Tech for accessibility
Written by Alina Kadyrova
On a hot day at the end of June, a room full of people - with an interest in how tech can be used for good, descended upon the Federation to learn about the intersection between technology and accessibility.
We heard from three exceptional speakers; each talking to us about their personal and professional experience of using and developing technology to facilitate the life and careers of disabled people.
First up were Jamie and Lion. Jamie asked, have you ever thought about how a smartphone changed your life?
Or, how about that brightly coloured wallpaper? Oh - and those extraordinarily loud hand dryer noises? Have we considered how they can stop some people from communicating.
Jamie and Lion are an autistic duo who both work at the BBC. Jamie is as a senior research engineer; he makes sure people with different needs can easily access things like iPlayer, digital radio or gaming. Lion’s main tasks include antelope management.
Check the news - everyone has an opinion on whether smartphones make us smarter or dumber. That’s a place for a whole other block. But for Jamie, the introduction of the smartphone into his life was significant. The iPhone and the advancements in voice tech freed him from the presumption that he has got nothing to say and it changed people’s attitudes towards him as soon as they realised that he could communicate.
For those of us in the room, it came as a surprise that for Jamie, the process of communicating everyday is like climbing a mountain. Within minutes of Jamie beginning his talk, he had captivated the entire room.
But, climbing this mountain is, in reality, overcoming the barriers that disabled people like Jamie face. These barriers include distractions such as noise, bright light, bright wallpapers, presence of many unknown people, a need for immediate answers, and the chaotic flow of conversations. Removing these barriers allowed the flow of speech and ensured effective communication.
The second speaker was Stuart Hill from Access Hospitality, a company that develops software to facilitate the employment of disabled people in the hospitality industry. Just imagine — only approximately 6% of people with a learning disability are known to the local authorities and are in paid employment. Stuart explained that the primary barrier that these people face is their short-term memory when they have difficulty in remembering orders or where to get things in a complex bar environment.
Stuart started with a desire to help a young man with learning difficulties working behind the club bar where they both play rugby; this led to the creation of a system that helps to navigate the bar using on-screen prompts. These prompts would show, for instance, what glass size is needed or what tap to choose.
So far, the software has made a remarkable impact on people with learning difficulties. Clear step-by-step instructions allow people with learning difficulties to build confidence when they feel very involved and how they can contribute to the bar work in a very rewarding way.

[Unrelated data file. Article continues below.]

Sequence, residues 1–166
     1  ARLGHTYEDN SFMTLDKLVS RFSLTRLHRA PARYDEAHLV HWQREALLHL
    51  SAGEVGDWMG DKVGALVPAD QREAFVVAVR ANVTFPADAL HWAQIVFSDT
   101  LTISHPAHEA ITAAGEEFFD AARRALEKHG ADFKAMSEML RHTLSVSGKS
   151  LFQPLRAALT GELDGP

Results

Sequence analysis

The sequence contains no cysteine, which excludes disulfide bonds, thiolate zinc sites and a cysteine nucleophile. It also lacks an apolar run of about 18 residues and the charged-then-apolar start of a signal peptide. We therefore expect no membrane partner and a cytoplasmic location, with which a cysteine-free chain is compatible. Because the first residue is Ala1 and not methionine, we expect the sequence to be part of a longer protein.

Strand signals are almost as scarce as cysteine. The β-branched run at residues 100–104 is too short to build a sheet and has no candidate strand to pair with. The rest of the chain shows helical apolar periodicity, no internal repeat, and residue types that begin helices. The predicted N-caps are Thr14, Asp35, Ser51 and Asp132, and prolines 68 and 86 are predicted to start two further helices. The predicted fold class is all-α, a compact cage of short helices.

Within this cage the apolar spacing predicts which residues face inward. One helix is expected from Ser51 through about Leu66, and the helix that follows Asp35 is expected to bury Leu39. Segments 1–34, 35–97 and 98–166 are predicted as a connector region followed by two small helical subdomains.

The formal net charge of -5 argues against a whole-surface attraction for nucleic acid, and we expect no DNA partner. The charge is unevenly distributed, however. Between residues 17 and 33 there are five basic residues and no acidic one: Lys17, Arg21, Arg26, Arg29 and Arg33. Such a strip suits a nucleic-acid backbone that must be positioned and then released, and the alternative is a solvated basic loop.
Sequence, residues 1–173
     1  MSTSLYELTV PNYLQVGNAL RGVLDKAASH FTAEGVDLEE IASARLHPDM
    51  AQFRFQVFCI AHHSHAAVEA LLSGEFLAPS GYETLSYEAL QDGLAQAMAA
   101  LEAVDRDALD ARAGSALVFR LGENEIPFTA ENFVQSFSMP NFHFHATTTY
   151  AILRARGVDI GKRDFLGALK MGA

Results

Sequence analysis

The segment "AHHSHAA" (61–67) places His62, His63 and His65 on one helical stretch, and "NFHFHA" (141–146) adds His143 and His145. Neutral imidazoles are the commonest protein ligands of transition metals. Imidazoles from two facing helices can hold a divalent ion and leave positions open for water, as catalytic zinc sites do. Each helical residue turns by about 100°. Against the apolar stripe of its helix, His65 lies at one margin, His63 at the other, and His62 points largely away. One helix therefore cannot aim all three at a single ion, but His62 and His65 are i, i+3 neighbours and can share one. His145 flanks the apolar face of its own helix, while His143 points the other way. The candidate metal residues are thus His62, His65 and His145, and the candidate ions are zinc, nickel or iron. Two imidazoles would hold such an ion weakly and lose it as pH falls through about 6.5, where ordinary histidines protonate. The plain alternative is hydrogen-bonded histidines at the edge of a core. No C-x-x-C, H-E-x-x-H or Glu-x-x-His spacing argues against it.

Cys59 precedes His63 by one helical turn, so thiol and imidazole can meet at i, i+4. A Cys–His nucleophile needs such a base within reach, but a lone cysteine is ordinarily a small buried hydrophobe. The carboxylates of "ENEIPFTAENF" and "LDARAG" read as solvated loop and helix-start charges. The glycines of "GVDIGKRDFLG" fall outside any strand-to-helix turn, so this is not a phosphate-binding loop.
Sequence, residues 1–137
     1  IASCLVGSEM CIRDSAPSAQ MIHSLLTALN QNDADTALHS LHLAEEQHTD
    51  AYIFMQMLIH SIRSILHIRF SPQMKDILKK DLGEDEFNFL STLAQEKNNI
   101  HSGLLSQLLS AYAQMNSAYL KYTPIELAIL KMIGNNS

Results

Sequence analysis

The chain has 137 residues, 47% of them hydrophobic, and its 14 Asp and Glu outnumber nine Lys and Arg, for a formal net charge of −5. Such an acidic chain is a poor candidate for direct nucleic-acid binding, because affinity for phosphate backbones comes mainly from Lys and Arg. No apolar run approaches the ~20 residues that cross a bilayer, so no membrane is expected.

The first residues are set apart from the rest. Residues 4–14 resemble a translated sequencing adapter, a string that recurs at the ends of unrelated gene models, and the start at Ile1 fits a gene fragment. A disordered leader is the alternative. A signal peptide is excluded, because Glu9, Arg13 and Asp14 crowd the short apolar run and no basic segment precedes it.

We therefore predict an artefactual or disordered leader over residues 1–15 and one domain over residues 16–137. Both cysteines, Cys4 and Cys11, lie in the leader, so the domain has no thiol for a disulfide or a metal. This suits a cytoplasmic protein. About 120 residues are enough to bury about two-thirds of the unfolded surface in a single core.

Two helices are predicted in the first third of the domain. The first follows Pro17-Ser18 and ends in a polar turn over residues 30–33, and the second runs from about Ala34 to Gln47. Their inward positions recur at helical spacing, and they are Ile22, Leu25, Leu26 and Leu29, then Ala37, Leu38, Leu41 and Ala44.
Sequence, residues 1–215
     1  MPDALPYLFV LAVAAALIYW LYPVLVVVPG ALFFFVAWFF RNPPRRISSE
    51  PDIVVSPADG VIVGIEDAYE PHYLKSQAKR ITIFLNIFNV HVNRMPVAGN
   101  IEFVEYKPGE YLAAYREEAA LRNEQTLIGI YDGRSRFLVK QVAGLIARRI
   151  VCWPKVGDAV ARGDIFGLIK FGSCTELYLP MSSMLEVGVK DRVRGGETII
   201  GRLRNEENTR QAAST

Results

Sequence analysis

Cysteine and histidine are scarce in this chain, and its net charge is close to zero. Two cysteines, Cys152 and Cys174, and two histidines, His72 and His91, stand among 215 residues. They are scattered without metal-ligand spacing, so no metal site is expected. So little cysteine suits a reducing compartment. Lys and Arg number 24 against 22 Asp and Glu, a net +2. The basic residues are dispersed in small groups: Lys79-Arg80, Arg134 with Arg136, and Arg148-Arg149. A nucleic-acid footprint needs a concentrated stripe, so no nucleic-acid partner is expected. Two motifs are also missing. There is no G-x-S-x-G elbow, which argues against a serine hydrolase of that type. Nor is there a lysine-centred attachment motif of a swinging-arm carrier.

The software brings numerous benefits to an employer as well, such as the added level of customer experience along with loyal and reliable staff. In September, Stuart is planning to extend the functionality of the software and add photos, short videos and voice recordings to regularly remind a person of their tasks. I’m excited to hear about how this progresses!
Our third speaker was Abigail Ward from Drake Music. Abigail reminded us that while music can transform the lives of people with disabilities, many musical instruments are not designed with accessibility in mind. Drake Music is a charity that aims at resolving this problem by uniting music, technology and disabilities.
Drake Music DM Lab North West started as an idea to get a few hackers together to experiment. It gradually grew into hackathons and then into a network of disabled musicians.
The Lab hosts regular “challenges” aimed at supporting the development of brand new accessible instruments. Each team taking part in the challenge has to come forward with a new accessible instrument and must contain at least one disabled musician.
The teams came up with brilliant ideas - for example, Billy’s violin – a tool looking like a small handle, which makes different sounds depending on the direction and speeds at which you move it. Another example is Hannah’s Harp developed for and by Hannah, who thought she would never be able to make music – and she recently performed at Manchester HOME using it.
Drake Music needs funding, more group members, accessible hackspaces and more performance opportunities – if you can help, do reach out to them.
For me personally, this was eye-opening. As I travelled home, I could not get it out of my mind - how simple things such as reducing the brightness of the light can make a big difference for someone else, and to make them feel included. It is the places, and the things that we build, that disable people.
Looking around the room, it was clear that the audience was encouraged and inspired by the talks. As we all chatted afterwards, there was obvious excitement. Also hunger, it seems, because the pizzas disappeared in record time!
Join us at the next Tech for Good Live event to learn about platform cooperatives.
Written by Alina Kadyrova